Shhh! SpaceX delays next, low-key Falcon 9 launch

Late yesterday, SpaceX delayed the next launch of its Falcon 9 v1.1 rocket, carrying the Thaicom 6 satellite. The launch had been scheduled for Friday afternoon from Cape Canaveral, but has been postponed until at least January 6, according to a brief post on the Facebook page of the 45th Space Wing, with additional launch opportunities January 8-12. (January 7 is unavailable since downrange communications facilities are needed for Orbital’s Antares launch from Virginia.) No reason for the delay was given, but NASASpaceFlight.com reports that an “unspecified issue with the Falcon 9′s [payload] fairing” caused the delay.

SpaceX itself has been quiet on the issue, with no formal press releases or statements about the delay. In fact, SpaceX hasn’t announced anything through its website or other media channels about the launch, a far cry from its previous launch in early December. As of early January 3, SpaceX hasn’t tweeted since December 10 or posted to its Facebook page or Google+ page since December 8. Certainly the holidays are a reason of the lull, but the company hasn’t published anything about the upcoming launch at all, let alone the recent delay.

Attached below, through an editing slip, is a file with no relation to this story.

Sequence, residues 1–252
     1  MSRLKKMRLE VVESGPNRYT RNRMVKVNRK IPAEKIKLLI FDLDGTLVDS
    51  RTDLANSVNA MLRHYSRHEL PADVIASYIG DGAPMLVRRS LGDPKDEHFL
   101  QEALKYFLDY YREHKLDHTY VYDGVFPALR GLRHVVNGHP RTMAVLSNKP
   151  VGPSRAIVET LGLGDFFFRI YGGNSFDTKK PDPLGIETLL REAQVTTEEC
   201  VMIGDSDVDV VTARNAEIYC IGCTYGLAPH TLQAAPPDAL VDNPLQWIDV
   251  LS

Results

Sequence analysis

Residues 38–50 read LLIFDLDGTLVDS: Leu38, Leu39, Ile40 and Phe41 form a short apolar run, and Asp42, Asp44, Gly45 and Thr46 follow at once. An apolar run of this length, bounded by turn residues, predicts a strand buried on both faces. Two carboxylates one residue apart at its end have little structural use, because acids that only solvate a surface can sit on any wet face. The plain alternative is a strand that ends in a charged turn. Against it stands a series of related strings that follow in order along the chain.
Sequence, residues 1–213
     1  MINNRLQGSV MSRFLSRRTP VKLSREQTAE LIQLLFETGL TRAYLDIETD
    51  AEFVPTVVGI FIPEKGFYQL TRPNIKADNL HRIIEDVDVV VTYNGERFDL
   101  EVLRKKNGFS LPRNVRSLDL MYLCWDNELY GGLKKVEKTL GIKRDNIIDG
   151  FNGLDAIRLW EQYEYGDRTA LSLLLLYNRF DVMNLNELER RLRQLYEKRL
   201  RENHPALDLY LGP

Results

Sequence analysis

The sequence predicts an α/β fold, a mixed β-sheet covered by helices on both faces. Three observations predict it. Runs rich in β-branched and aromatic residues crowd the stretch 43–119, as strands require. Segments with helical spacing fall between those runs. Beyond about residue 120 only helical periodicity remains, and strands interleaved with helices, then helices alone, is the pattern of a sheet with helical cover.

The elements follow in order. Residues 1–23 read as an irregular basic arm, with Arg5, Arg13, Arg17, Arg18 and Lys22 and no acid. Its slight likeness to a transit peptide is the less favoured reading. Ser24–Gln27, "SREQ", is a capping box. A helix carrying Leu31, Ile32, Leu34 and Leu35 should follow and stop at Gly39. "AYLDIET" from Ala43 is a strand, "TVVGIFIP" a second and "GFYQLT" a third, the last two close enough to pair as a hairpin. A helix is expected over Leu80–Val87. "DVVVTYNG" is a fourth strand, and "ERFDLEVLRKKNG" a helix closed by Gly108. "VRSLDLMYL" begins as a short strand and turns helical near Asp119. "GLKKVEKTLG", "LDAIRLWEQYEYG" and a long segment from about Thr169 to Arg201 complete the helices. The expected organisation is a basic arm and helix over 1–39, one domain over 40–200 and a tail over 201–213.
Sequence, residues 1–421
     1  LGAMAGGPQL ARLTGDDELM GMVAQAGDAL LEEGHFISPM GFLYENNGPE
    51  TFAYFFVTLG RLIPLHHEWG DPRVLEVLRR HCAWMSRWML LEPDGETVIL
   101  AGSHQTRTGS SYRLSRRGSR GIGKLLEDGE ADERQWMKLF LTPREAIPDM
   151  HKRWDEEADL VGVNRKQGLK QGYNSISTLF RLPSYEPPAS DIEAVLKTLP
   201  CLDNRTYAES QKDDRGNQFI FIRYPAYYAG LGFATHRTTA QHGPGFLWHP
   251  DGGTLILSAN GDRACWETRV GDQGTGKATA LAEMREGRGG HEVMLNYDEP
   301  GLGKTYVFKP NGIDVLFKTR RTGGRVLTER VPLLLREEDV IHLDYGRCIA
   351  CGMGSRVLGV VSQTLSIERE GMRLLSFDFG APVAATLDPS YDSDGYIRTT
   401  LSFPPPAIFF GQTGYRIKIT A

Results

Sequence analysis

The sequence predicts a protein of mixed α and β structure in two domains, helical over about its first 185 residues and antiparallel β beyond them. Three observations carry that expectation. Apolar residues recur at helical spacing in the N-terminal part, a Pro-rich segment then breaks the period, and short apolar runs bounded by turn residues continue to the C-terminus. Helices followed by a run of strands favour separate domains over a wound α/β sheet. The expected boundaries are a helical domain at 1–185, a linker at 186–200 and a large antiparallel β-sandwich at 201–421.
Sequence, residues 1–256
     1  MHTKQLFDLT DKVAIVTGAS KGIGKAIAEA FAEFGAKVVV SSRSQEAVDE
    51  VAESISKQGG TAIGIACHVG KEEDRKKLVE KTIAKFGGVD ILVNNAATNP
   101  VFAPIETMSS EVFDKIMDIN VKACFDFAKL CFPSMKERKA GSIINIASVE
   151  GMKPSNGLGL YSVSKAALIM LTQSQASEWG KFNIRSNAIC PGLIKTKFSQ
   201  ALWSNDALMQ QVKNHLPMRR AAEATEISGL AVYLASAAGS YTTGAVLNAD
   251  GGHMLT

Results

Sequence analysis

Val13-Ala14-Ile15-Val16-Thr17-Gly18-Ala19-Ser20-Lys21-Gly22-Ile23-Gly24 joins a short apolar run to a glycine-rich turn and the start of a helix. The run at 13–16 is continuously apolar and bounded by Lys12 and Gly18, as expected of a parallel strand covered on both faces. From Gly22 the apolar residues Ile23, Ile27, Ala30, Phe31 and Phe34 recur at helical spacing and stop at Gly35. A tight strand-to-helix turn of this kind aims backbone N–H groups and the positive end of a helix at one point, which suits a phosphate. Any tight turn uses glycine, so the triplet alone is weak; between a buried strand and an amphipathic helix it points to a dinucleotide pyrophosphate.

8 comments to Shhh! SpaceX delays next, low-key Falcon 9 launch

  • Patrick Kees

    One wonders if perhaps SpaceX is shifting its PR strategy. Perhaps they’ve decided that maybe “less is more”. The less they publicly share, the more they control their own message and less side-talk about potential problems or issues.

    One has to weigh the benefits of generous public disclosure vs feeding the FUD machine of those that might not want SpaceX to be (too) successful.

    A shift also make sense given the increasing tempo of launches. If the plan is to have 10 flights this year (or whatever the number) then maybe you reduce the communication load to a more manageable level.

    -pmk

  • G.R.R.

    Yeah, I have been wondering why no communication. We are coming up with nothing being said. At this time, they are acting like ULA, L-Mart or Boeing who only come out with adverts, rather than useful information.

  • Frank

    SpaceX uses government facilities like Cape Canaveral and is the recipient of hundreds of millions of dollars of government subsidies, without which there probably wouldn’t be a Falcon 9. They owe it to the American taxpayers to be more open about what they’re doing!

  • Bart Enkelaar

    I don’t think it’s so much a case of deliberately being hush-hush. As they move towards more standard industrialized launches, there’s simply not that much to announce. They’ll use the same rocket, with the same trajectory, to put a geostationary satellite into orbit. Standard stuff, so no fanfare.

    I think this is a really good thing, fanfare is nice and all, but industry gets things done. The fact that this launch is “business as usual” for them, is doubly awesome.

  • DocM

    NSF Level 2 mentioned the general cause which I won’t repeat out of school, but it did not sound like a *really*big*deal*.

  • DocM

    No, but if CRS-3 goes up on time I’m leaning towards at least 8.

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